Thursday, October 28, 2010

Premier's speech - nothing in it for the kids...

I sent the following media release today after watching the Premier's address last night:

Premier Gordon Campbell provided nothing more than empty promises during last night’s televised speech to British Columbians. His claim that every grade 4 student would be meeting or exceeding grade 4 reading, writing and math skills rang hollow. He gave no indication on how this would be achieved.

“An underfunded twenty-first century school system is no better than an underfunded twentieth century school system”, comments Greater Victoria Teachers’ Association president Tara Ehrcke. “Nowhere in Campbell’s address does he talk about how school boards, facing multi-million dollar shortfalls year after year, are supposed to provide supports and services to meet these goals.”

The Greater Victoria Board of Education faced a significant shortfall last year despite the extra funds from previous school closures. For two years, the Victoria Board has submitted a “needs budget” along with the actual budget to indicate that the needs of the District are far greater than what the provincial funding is able to support.

Just last month, the Board again approved a class configuration with almost 300 classes exceeding the limits in the School Act. One concerned teacher, Colleen Pommelet, spoke to the Board about how difficult it is to meet the wide range of ability levels in a single class. She pointed out that she was in fact teaching 17 different curricula to try to meet the diverse needs of her students.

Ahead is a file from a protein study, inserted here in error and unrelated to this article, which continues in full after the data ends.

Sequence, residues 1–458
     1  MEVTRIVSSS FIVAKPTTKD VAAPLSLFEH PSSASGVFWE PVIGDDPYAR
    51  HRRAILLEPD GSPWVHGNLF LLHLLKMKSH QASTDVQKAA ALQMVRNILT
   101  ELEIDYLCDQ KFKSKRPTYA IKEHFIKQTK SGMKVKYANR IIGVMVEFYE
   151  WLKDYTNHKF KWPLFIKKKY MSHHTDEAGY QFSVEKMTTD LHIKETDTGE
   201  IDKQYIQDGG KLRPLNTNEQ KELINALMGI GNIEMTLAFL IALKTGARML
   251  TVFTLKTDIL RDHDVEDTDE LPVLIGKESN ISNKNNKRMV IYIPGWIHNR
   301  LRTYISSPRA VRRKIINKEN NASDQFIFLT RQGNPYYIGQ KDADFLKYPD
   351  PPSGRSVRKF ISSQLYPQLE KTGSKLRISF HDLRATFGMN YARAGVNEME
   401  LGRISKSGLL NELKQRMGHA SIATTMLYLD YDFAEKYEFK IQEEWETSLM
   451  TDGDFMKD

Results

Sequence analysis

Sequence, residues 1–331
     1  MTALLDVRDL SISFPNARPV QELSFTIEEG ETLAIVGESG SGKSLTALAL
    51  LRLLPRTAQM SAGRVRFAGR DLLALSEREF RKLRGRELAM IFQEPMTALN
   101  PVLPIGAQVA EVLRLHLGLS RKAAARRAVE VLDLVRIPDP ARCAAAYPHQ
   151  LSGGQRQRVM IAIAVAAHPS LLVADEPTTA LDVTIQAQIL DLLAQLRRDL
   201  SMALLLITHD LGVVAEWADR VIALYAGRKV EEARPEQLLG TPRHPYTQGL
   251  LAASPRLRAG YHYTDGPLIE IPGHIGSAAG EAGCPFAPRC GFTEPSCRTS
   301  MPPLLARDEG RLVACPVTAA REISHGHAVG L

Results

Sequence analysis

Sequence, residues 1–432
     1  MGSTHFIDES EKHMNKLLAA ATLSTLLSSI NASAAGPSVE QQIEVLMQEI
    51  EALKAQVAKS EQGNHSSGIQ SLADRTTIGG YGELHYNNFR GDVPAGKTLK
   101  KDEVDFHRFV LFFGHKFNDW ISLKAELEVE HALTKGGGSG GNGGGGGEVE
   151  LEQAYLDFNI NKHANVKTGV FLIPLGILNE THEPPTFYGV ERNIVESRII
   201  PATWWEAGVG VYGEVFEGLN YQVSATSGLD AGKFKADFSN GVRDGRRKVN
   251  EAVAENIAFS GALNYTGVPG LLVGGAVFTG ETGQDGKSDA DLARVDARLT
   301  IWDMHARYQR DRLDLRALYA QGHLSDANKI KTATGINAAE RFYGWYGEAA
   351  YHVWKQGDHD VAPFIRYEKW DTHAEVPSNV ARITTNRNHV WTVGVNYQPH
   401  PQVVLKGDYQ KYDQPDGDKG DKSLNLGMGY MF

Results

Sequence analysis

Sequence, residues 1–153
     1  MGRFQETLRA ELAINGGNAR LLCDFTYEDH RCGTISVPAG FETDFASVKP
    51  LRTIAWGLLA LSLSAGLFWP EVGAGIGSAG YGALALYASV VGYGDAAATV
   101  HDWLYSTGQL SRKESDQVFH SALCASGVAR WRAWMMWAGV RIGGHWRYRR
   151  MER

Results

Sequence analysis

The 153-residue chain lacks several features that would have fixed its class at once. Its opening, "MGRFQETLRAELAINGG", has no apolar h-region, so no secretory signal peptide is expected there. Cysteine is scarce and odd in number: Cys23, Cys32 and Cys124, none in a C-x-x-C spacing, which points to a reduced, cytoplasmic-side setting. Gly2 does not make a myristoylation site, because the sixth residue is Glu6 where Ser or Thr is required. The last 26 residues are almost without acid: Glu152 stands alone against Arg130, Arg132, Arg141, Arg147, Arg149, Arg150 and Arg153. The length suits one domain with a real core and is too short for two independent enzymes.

Another teacher, Judi Chessa, spoke about the challenge of meeting needs in classes with large numbers of students who have individual education plans. She told the Board “I am sending out an SOS” because she felt she would be unable to sustain the workload.

Since the Liberals were elected, one in ten schools in British Columbia has closed, including seven in Greater Victoria. Boards are using revenues from closed schools to make up for the lack of funding from the province. Nothing in the Premier’s speech provided any hope that this disturbing trend will not continue.

Wednesday, October 27, 2010

What does the Premier have in mind?

Rumours are circulating about tonights televised speech. Will the Premier announce an end to democratically elected school boards? I certainly hope not. No one is better able to hold decision makers accountable than the local electorate. It would be a sad day for democracy if that is what is in store.

Tuesday, October 26, 2010

Wifi in schools - a safety risk?

Considerable debate has begun about the safety of wifi in Victoria schools. A teacher presented to the Board last spring, and three more presentations are scheduled for the November 8th Operations subcommittee meeting.

While the evidence may not yet be conclusive, there is good reason to apply the precautionary principle - ensure it is safe before continued expansion of devices and transmitters in schools and classrooms. This is the approach the Vancouver School Board has taken, citing medical evidence of correlations between EMF frequency and certain cancers and other health effects. There is the added issue that we need to understand the health effects on children, who may respond differently and tolerate lower levels of EMF than adults.